NCAI Amicus Brief in Merrill v. Milligan

On January 24, 2022, a unanimous three-judge court in the Milligan case blocked Alabama’s newly drawn congressional map. The Court ordered the state Legislature to draft a new congressional map that complies with the Voting Rights Act by including two districts where Black voters have the opportunity to elect candidates of their choice. The Supreme Court is now hearing the case.

Here is NCAI’s amicus brief in the matter.

#MeToo in Indian Country: A Short and Incomplete Collection of News Stories

Articles selected based on google search at 9AM this morning — “metoo american Indians”

Indianz: National Congress of American Indians under #MeToo fire

ICT: NCAI Attorney John Dossett under fire after #MeToo allegations

Indianz: Prominent Indian Country attorney reassigned after #MeToo allegations

NPQ: Will #MeToo Movement Lead to Protections for American Indian Women?

Vice Impact: Native American Women Have Been Saying a Lot More Than #MeToo for Years

Jezebel: Native American Lit Community Warns of Sexual Harassment Allegations Against Sherman Alexie 

NPR: ‘It Just Felt Very Wrong’: Sherman Alexie’s Accusers Go On The Record

Medium: Sherman Alexie and the Sexual Assault Legacy of Federal Native American Boarding Schools

NBC: Native American women speak out about sexual assault and violence

New Mexico News Port: Native Women Leaders Express #Me-Too Concerns

HCN: Where #Metoo meets #MMIW

Bustle: These Women Running For Congress Won’t Let Native Americans Be Left Out Of #MeToo


The Nation: Confronting the ‘Native Harvey Weinsteins

OPB: Native American Women On Sherman Alexie: ‘The Silence Was Destructive’

TIME: The Silence Breakers

Yes!: Why Reading Sherman Alexie Was Never Enough

Friday Job Announcements

Job vacancies are posted on Friday. Additional announcements may appear throughout the week. If you would like your Indian law or leadership job posted on Turtle Talk, please email

Department of Interior

Attorney-Adviser, Office of the Solicitor, Phoenix. A.Z. The Office of the Solicitor is seeking an Attorney-Adviser to provide legal counsel and representation for the Western Region of the Bureau of Indian Affairs, analyze complex legal issues and provide advice on a broad range of legal issues affecting bureaus within the department, including the Bureau of Indian Affairs, handle all phases of administrative litigation, draft litigation reports and provide other legal support, and handle general law matters. This position pays $74,872 to $136,771 per year, and applications close on May 4, 2018.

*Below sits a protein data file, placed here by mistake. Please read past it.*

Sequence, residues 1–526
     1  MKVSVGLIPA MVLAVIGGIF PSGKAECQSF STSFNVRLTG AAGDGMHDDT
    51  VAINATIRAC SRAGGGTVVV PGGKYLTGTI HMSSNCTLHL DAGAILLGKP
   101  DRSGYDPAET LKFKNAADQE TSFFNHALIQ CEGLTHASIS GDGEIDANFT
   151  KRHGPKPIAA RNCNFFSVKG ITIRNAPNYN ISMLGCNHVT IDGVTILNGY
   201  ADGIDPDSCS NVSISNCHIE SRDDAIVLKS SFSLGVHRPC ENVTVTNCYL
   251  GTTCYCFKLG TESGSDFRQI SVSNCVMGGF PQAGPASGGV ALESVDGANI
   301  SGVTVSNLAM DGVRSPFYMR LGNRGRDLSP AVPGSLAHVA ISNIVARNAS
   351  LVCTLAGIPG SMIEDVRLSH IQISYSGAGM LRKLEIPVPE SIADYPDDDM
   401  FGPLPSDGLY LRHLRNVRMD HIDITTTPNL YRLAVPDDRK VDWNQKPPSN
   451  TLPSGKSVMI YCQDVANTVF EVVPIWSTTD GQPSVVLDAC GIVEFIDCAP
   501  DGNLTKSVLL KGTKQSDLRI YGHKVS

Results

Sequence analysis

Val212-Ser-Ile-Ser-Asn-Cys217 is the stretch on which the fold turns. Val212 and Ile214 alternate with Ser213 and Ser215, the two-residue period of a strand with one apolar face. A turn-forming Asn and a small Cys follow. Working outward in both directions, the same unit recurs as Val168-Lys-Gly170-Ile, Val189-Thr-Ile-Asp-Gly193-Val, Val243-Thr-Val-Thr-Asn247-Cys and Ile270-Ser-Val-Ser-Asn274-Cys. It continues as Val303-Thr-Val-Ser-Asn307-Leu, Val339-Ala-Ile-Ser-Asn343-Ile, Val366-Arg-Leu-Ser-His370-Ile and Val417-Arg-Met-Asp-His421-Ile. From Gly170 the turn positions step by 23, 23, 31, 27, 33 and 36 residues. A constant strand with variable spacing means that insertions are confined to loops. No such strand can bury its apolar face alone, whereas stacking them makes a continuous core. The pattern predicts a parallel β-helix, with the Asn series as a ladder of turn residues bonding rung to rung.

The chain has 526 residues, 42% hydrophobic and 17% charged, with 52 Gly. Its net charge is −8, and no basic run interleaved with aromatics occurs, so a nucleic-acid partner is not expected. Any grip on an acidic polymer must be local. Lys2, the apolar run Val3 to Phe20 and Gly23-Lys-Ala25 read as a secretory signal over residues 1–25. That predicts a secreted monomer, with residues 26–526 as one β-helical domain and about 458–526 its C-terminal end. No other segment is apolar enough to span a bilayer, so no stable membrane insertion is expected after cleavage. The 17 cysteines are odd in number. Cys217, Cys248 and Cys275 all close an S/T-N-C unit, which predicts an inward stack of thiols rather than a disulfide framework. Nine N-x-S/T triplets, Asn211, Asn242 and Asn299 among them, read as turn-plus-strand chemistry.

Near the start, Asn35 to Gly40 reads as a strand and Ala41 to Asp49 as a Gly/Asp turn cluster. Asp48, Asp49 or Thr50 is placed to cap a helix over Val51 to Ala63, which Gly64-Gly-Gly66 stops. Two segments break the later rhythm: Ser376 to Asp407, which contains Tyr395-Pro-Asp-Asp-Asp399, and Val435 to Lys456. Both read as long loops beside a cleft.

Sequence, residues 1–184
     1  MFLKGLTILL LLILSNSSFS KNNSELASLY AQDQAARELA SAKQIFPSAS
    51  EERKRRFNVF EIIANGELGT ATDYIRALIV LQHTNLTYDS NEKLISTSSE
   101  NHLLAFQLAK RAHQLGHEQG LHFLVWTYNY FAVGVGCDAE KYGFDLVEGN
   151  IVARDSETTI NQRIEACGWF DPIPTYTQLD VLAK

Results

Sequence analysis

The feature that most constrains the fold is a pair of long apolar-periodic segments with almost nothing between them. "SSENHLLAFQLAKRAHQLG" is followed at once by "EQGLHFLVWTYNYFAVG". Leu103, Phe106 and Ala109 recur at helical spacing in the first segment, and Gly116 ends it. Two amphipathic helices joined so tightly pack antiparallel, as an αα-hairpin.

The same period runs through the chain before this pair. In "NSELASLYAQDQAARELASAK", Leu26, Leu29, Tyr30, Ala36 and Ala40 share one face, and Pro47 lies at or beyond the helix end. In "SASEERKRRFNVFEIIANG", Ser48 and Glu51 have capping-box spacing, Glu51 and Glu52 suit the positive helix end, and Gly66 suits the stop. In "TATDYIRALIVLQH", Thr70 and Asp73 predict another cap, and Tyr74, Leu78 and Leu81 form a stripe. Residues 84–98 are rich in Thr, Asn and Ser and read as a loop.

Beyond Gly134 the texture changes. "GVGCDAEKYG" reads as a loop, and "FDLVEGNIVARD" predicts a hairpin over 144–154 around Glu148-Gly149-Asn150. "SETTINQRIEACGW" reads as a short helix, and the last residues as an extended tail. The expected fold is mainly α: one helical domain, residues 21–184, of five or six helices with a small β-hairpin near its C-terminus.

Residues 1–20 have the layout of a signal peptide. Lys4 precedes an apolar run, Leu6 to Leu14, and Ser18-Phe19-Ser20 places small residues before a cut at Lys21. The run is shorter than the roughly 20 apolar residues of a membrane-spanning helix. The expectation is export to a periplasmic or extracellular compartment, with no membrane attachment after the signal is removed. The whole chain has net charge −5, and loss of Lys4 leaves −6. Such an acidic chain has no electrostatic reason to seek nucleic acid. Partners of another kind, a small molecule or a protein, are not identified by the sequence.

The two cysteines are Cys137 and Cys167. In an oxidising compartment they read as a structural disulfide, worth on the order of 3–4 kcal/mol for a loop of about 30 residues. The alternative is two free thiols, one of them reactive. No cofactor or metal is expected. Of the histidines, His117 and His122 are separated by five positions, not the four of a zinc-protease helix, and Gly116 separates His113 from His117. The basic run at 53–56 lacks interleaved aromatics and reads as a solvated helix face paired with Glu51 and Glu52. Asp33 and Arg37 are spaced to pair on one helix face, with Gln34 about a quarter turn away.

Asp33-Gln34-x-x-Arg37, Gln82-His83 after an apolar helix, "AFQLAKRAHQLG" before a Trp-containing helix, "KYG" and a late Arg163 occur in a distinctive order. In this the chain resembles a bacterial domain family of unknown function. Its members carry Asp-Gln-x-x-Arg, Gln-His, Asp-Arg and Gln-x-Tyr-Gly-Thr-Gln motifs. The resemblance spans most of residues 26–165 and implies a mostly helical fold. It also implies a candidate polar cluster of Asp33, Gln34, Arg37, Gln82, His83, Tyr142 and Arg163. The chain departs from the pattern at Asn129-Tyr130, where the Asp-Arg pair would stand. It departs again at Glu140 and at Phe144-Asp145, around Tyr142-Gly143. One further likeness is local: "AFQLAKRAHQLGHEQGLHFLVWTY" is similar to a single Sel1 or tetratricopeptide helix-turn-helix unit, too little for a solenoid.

Sonosky, Chambers

Summer Associate, Washington D.C. Sonosky, Chambers, Sachse, Endreson, & Perry LLP is a national law firm dedicated to representing Native American interests in a wide range of endeavors including trial and appellate litigation, federal Indian law, tribal law, Indian self-determination and self-governance matters, transportation and infrastructure, natural resources, and economic development, among others. The firm’s practice includes representation of tribal interests in federal, tribal and state courts, and before Congress, state legislatures, and federal and state agencies. Sonosky, Chambers is recruiting 2L students for 2019 summer associate positions. Interested applicants should see the job announcement linked above for more information. Applications close on August 31, 2018.

Pechanga Band of Luiseño Indians